A simple interface card to connect an accoustic coupler would certainly be something that Woz would have wanted early on. And replacing an "expensive" UART chip with just a flip flop and some transistors, leaving everything else to be done by software, no timing support, except for relying on counting instruction cycles, sound pretty much like basic Woz design concepts. And if it was good enough to connect an accoustic coupler (or a current loop teletype, as mentioned in the manual), then, hey, it was good enough then.

The guy drawing the schematics ("B.K.") is the same who drew the Disk II Interface schematics. The latter clearly was Woz's design, and "B.K." just did the drawing. Could have been the same for this serial card. The revision entry "corrected schematics to match circuitry" is another hint that B.K. was just documenting someone else's work.

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Simplified serial adapter

Don't let the spectre of "bashing" hold you back.  The circuit's quirks and limitations reveal so much about its origins.  Sometimes it's amusing to point and laugh at how little capability the device really had, but it's also really instructive...especially if you try to observe how they worked around those limitations (or failed to do so).

Look at this card's RS-232 IO section and notice that it has only two connections to the rest of the computer.  You could build exactly the same capability by connecting it through the game port, albeit with a lot of power-supply connections too.  In fact, a game-port hookup would be a little more convenient than the slot card because the input and output are fully independent -- your communications routine could read the input without worrying about affecting the output.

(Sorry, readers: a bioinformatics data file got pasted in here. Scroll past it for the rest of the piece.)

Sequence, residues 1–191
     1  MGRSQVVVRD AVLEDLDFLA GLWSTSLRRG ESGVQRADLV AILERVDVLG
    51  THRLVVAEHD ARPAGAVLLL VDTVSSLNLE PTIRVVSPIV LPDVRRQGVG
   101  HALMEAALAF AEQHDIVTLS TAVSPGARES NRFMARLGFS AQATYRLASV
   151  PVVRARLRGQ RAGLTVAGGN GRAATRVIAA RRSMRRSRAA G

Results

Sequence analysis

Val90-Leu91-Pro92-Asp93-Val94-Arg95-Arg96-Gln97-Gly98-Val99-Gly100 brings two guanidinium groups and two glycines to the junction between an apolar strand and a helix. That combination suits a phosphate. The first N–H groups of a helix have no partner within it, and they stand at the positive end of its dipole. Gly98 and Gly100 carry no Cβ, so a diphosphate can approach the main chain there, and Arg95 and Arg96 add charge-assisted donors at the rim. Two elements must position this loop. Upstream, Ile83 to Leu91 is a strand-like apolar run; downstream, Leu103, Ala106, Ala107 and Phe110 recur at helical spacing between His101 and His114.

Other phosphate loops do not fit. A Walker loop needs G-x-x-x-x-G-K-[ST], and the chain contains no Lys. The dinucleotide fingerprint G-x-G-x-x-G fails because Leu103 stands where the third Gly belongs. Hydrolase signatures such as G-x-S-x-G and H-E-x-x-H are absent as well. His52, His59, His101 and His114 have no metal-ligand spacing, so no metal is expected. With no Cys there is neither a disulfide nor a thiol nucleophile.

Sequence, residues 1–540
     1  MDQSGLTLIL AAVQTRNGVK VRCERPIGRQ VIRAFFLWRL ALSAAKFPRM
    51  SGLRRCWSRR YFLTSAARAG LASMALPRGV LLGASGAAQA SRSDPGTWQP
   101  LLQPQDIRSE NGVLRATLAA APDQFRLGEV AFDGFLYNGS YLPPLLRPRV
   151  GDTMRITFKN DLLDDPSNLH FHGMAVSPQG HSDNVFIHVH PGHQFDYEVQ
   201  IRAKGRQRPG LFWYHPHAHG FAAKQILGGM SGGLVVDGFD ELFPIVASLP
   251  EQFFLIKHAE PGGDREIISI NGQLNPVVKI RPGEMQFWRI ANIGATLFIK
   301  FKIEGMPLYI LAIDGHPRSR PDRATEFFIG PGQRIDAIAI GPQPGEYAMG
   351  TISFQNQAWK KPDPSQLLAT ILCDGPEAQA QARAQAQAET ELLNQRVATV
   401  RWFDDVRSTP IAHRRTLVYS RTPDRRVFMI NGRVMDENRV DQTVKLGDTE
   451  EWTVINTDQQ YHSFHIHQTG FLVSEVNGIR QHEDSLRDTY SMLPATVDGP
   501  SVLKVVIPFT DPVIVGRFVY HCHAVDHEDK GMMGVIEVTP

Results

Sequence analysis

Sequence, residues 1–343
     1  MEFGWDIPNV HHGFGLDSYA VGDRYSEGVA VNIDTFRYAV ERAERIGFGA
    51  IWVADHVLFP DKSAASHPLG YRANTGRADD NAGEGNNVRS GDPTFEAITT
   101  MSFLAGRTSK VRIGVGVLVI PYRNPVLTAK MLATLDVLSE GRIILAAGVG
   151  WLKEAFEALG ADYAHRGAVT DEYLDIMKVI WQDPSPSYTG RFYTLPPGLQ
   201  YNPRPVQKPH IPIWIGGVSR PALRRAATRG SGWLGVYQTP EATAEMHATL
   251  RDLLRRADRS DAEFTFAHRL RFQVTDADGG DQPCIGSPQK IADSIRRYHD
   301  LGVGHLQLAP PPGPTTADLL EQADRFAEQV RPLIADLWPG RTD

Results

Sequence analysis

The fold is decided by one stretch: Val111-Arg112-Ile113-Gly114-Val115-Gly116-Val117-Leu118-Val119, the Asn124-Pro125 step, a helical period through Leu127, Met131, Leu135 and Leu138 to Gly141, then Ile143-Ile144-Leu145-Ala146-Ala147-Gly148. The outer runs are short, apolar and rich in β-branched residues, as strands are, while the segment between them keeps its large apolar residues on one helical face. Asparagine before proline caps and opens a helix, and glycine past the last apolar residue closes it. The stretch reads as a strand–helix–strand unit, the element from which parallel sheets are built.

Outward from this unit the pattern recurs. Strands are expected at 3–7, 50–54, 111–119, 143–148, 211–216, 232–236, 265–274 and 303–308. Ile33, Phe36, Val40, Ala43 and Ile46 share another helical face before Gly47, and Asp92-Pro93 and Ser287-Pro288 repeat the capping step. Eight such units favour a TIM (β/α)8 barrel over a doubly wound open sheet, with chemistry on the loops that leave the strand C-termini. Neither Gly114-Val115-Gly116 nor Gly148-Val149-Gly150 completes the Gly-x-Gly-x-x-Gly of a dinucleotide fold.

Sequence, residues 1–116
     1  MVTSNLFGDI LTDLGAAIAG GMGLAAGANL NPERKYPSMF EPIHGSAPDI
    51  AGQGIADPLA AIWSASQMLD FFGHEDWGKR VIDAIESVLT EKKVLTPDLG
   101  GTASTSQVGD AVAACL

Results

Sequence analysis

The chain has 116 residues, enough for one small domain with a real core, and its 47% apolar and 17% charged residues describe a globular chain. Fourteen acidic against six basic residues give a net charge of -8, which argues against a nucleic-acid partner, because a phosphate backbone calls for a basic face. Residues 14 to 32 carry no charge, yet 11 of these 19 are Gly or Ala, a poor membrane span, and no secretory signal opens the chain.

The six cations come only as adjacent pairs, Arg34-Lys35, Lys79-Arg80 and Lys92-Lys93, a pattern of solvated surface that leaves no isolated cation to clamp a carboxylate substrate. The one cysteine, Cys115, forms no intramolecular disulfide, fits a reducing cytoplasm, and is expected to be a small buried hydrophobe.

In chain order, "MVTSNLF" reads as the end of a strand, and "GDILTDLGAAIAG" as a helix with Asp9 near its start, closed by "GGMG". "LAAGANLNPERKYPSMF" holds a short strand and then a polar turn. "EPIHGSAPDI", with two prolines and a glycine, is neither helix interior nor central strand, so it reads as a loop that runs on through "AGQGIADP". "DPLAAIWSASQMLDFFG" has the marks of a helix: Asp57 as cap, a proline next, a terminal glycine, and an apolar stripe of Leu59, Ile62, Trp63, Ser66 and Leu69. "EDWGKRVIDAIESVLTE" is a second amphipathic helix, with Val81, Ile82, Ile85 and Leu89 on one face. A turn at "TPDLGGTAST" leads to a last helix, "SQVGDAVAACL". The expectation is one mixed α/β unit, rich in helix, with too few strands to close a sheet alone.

We could even cut down that schematic to a simple game-port implementation that's just as capable as the serial card's hardware.  It could use game annunciator output AN2 for the sending channel and paddle button PB2 for a receive channel.

Use these transistors to send AN2 to XMIT and receive PB2 from RECV.  Just copy the PROM firmware and patch it to read from $C063 instead of $C080,Y and to transmit bits via $C05C,Y instead of $C080,Y.  It would be just as capable as Apple's serial interface without installing a single IC!

 

Another benefit to poking fun at the circuit is that it reveals Woz's distinctive shortcuts.